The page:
Annex 7

5345 E. 41st Street,
Tulsa, OK 74135

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Additional Info

Previously operated by: Hollywood Theaters, United Artists Theater Circuit Inc.

Previous Names: Annex 3

Nearby Theaters

UA Annex 7  Tulsa, OK  1995

Closed by Hollywood Theatres on May 10, 1998

Contributed by Lauren Grubb

Recent comments (view all 4 comments)

pugpapaokc
pugpapaokc on May 3, 2006 at 6:10 am

I remember the Annex 3 and 7 very well. It was located on 41st between Sheridan and Yale in what is now a very busy shopping complex. The old Annex mall has been torn down replaced by TGI Fridays and other modern conveniences.

The original Annex 3 was located in a not-so high traffic mall with a Oshman’s Sporting Goods and a few other odds and ends shops. The theaters themselves were really spacious, each containing upwards of 300 or so seats. A typical old United Artists theater setup.

When the masterful decision was made to add 4 screens to keep up with the Jones', the decline of the theater and the location was evident. The additional 4 screens were built on the complete opposite end of the original theater and mall, making it easy for anyone to just sneak in (and believe me, they did). Plus, the newer theaters were extremely cramped and unattractive. However, the theaters held on for a little while.

The end of the Annex came with the opening of the AMC Southroads 20 located directly across the street from the Annex. AMC also took out the General Cinema Southroads Mall I & II, which was located near the same mall complex.

kpdennis
kpdennis on April 25, 2009 at 12:13 am

The UA Annex 7 in 1995.
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OKCdoorman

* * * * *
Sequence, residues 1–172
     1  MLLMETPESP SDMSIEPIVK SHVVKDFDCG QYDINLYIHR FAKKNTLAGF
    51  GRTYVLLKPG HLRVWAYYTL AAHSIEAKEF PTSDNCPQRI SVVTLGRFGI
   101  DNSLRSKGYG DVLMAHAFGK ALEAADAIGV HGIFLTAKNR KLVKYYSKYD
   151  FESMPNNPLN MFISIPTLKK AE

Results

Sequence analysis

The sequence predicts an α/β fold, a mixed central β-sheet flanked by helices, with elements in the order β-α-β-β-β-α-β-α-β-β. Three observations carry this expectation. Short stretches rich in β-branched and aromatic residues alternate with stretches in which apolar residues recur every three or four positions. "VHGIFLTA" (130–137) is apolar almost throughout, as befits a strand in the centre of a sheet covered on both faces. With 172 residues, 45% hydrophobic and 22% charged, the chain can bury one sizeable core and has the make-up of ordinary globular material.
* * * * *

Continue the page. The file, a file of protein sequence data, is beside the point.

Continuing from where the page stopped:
OKCdoorman on October 2, 2016 at 2:52 pm

Closed as the Annex 7 on Sunday, May 10, 1998. Owner Hollywood Theatres was instead trumpeting their Promenade Mall Palace 12 location opening five days later. The final marquees: Jackie Chan in MR. NICE GUY; DANGEROUS BEAUTY; THE BIG LEBOWSKI; AS GOOD AS IT GETS; THE APOSTLE, MY GIANT; PRIMARY COLORS.

speedacheeba
speedacheeba on September 27, 2021 at 8:32 pm

My family and I saw a lot of movies at this theater. Of course, as a kid, the action flicks stand out more prevalently. I was an avid comic book collector at the time and had frequented Wizard’s Asylum’s Defcon comic conventions, especially the year they had Todd McFarlane as a guest. So, I was stoked when this theater hosted the premiere of “Spawn”. Being a basketball fan, as well, I was excited to see Space Jam here, too.

The movie that really stands out for me, though was Jackie Chan’s “Rumble in the Bronx”. The story behind that film, for me, was that my parents wanted to see a different movie that I had no real interest in seeing. So, when we got inside, I took off in a different direction to see something else. The movie I chose was “Rumble in the Bronx”. I mean, the title sounded cool and it just had to be better than what my parents were seeing, right? I went into that film knowing nothing about it and nothing about Jackie Chan. It was dubbed, which also threw me because it wasn’t often that I saw those types of movies. But wow, I could not believe the action sequences! I had seen a tremendous amount of action movies up to that point but I had seen nothing like what I was seeing on the screen. I wasn’t even aware that a human could do the things that Chan was doing. And to top it off, as the credits were rolling, behind-the-scenes bits were shown of Chan and his team pulling off the stunts, Chan insisting on jumping from a neighboring parking garage roof to a fire escape on the outside of an adjacent building. He subsequently broke his ankle/foot and the crew made a fabric slipper that looked like his sneaker to slide over his cast so he could continue shooting. Simply amazing and when I met back with my parents, I retold what I saw as best I could as if I had witnessed something completely unbelievable. And truly, I had. This is the experience movie theaters give us; rare, fascinating moments in time that you can share with family, friends, and complete strangers and best of all, memories.

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